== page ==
Niall Ferguson is surprised by how little anti-European sentiment there is within Europe. The preferred solution for many is “More Europe”; Ferguson unpacks the true implications of this idea.
More Europe, Ferguson argues, implies a federal system and the accompanying issue of eurobonds, with full faith and credit of all member governments. What those advocating More Europe fail to acknowledge is that any federal system implies a transfer of resources from the more efficient and productive core to the periphery.
In the case of Germany, Ferguson estimates the cost will be a transfer of up to 8% of GDP per annum for the foreseeable future. With the prospect of a full-blown European banking crisis following a trigger event such as Greek default as the alternative, is it a cost worth paying?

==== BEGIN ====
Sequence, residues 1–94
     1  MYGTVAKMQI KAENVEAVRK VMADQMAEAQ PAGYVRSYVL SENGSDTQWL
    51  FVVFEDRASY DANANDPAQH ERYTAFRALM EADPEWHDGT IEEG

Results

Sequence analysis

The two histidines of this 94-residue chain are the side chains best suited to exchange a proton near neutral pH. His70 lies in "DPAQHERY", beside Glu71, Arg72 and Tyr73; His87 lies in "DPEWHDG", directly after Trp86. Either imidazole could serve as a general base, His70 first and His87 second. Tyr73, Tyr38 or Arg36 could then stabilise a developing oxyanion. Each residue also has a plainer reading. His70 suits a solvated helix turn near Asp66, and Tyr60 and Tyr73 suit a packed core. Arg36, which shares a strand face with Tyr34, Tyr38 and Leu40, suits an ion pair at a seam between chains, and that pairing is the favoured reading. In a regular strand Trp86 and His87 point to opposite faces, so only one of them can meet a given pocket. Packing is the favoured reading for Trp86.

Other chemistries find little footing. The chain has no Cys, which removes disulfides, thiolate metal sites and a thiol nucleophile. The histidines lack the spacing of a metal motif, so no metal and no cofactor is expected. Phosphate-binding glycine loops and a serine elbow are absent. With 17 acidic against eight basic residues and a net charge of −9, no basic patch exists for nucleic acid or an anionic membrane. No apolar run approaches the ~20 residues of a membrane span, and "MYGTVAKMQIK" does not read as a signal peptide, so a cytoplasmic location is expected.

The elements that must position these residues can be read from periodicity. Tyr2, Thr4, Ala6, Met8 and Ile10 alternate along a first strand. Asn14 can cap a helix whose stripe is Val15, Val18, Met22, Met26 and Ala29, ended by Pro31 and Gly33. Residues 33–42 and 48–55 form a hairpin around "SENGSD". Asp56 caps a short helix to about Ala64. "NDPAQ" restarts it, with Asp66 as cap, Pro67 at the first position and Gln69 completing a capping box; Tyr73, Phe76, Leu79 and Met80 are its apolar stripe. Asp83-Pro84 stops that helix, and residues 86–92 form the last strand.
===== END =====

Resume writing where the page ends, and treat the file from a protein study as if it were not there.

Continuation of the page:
Author: Named by Time magazine in 2004 as one of the 100 most influential people in the world, Niall Ferguson is Laurence A. Tisch Professor of History at Harvard University. He is also a Senior Fellow at the Hoover Institution, Stanford University, and a Senior Research Fellow at Jesus College at the University of Oxford. Ferguson has written many books, articles and papers, and has written and presented five major television series including “The Ascent of Money”, which won the 2009 International Emmy award for Best Documentary.
The opinions expressed here are those of the author, not necessarily those of the World Economic Forum.
Image: EU flags outside the European Commission headquarters in Brussels REUTERS/Yves Herman